CHAZY - It's been a long time coming, but students from Chazy Central Rural School are once again representing their school through the North Country Model United Nations program.
Eight students of the program, under the direction of social studies teacher Steve Cross, recently returned from Harvard University in Boston, Mass., where they participated in a four-day international Model U.N. conference. While other area schools such as Northeastern Clinton Central, Peru Central and Beekmantown Central schools were in attendance, Chazy Central hadn't participated in the annual conference since the early 1990s, said Cross.
"I felt it was very important to bring back," said Cross. "It's really valuable for Chazy students who really don't experience much cultural diversity on a regular basis."
Cross began examining reestablishing the program five years ago following conversations with Beekmantown Central School social studies teacher Scott Tuller, who also oversees a Model U.N. program. Not long after, Cross established the club at Chazy and has been working to prepare students for competition ever since.
The students' performance at the competition in Boston was one of which Cross said he is extremely proud. There, students represented the Republic of Palau in southeast Asia, discussing the nation's stance on issues such as small arms trades, disease, polygamy and overpopulation.
In preparation for their debate, the students were able to speak with representatives of the Palau government via a conference call with the actual United Nations in New York City.
"They had their main delegates talking to Chazy students about Palau's point of view on all the major issues," said Cross.
Emily LaPierre, a Chazy sophomore in the Model U.N. program, said she was very appreciative of the opportunity to speak directly with people of the nation they were representing.
"We talked to them for about an hour just about our topics and what their views are, so that was pretty cool," she said.
The first-hand information helped reinforce the studying the students had been doing around the clock, said Cross.
"They really took it all in," said Cross. "It was unbelievable to see these young people really believe in solving global issues. They put 110 percent into this, working day and night, even going to Plattsburgh State's library on Sundays. They worked all year and it shows."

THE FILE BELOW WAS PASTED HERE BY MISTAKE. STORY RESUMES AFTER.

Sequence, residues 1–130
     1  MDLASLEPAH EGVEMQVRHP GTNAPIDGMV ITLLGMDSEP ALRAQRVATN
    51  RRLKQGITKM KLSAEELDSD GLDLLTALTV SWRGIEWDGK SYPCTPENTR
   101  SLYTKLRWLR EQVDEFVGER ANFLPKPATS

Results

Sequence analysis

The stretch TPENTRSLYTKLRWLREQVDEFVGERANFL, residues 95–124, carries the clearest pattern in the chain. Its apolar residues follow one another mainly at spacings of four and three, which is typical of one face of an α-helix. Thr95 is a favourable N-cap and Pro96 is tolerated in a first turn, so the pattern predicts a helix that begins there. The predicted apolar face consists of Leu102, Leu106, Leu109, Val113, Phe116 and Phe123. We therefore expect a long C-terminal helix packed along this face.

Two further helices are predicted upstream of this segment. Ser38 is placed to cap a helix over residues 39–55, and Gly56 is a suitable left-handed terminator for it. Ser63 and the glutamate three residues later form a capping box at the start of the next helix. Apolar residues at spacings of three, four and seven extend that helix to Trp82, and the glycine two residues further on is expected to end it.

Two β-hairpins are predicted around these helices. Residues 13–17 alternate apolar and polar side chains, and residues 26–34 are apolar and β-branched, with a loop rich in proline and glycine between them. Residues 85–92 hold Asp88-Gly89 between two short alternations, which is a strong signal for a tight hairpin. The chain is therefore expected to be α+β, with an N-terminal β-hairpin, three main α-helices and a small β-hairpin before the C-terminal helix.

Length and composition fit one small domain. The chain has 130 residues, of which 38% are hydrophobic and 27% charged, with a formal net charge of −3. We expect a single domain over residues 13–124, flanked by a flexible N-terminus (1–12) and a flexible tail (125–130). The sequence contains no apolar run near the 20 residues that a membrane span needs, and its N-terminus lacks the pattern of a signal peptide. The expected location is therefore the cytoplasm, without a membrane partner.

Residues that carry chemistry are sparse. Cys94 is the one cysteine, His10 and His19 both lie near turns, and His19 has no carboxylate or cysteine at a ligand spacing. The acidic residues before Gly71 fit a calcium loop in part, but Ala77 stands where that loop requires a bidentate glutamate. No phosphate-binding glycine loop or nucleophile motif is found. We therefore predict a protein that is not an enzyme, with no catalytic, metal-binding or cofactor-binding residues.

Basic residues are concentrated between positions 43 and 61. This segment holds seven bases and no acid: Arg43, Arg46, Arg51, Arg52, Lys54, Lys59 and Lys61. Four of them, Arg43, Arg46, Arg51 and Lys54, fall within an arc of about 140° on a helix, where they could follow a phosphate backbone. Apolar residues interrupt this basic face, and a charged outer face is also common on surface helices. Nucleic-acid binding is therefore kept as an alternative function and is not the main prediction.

Sophie Foreman, also a sophomore in the program, said the trip was "a really great experience," preparing her for future public speaking and introducing her to worlds beyond the borders of the North Country.
"We met a lot of people from different countries and other parts of the U.S. and we learned about their culture," said Sophie Foreman, also a sophomore in the program. "And, we had to speak in front of a large amount of people and I think that really helped our public speaking skills. We had to work with all these other people we didn't know to create a real solution."
"We were in debate more hours than we were able to sleep," laughed Corine Giroux, a senior who participated in the conference. "But, it was really cool because we were able to meet kids from all over the world. There were kids from China, kids from Turkey. Just to be able to debate with them was a lot of fun. I really enjoyed the trip."
While they didn't win any awards, the students did take home a valuable experience that made them a little more worldly, said Cross. Having served for several years as a Navy Seabee that has traveled across the globe, Cross said he believes the Model U.N. program is something the students will remember and will draw from for years to come.
"[This program] is important for the kids as they head to college so when they get there they already know how to debate, write and speak in front of a large population," he said. "It was the apex of my academic career to bring those kids there because they actually believe in trying to solve the world's problems."
Though the experience was a memorable one, the ability for Chazy Central to continue to participate in such conferences comes down to finances, said Cross. The program is funded through events hosted by the club such as T-shirt sales and dinners.
"It's very cost-prohibitive to go, and without fundraising, it'd be impossible," said Cross. "We even rode to the conference with Elizabethtown Central to reduce costs." As a means to raise the necessary funding for next year's Harvard University trip, the club will host a spaghetti dinner Friday, Jan. 2, in the cafeteria of the school on Miner Farm Road. The event, which will be held from 4-7:30 p.m., consists of the dinner, presentations by the students and a slideshow of the recent trip to Boston.
The cost of the meal will be $5 per person. That small amount can mean the difference between attending future competitions and not, Cross said.
"It would enable a North Country student to experience a trip that's they'll remember for a lifetime and one that will give them an edge on future college applications," he said. "The benefits of this program are endless."